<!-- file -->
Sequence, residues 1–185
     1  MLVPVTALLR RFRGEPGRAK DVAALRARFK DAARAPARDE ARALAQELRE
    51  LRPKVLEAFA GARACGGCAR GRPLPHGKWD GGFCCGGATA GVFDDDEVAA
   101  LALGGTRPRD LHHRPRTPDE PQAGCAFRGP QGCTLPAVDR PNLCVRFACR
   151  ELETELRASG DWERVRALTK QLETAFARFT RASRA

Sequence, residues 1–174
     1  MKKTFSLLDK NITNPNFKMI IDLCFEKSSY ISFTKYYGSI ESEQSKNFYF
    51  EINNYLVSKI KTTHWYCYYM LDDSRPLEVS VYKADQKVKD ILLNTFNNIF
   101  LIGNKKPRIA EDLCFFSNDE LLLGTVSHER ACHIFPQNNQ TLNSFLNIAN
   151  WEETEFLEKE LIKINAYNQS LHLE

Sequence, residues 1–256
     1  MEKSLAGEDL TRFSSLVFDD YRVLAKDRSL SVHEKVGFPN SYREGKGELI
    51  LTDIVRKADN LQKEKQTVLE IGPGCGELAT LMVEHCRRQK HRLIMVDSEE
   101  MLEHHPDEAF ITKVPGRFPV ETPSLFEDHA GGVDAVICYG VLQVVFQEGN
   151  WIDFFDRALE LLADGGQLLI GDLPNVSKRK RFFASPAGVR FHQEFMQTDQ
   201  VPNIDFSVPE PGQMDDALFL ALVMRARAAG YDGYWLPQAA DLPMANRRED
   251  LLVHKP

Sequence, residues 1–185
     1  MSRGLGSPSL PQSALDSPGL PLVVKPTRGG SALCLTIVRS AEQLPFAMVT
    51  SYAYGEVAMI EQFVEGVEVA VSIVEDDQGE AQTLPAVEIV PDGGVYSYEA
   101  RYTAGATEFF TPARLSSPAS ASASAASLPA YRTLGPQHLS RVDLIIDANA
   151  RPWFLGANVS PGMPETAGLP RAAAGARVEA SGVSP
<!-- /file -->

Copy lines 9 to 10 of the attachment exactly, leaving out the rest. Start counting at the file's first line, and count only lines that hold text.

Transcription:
   101  LIGNKKPRIA EDLCFFSNDE LLLGTVSHER ACHIFPQNNQ TLNSFLNIAN
   151  WEETEFLEKE LIKINAYNQS LHLE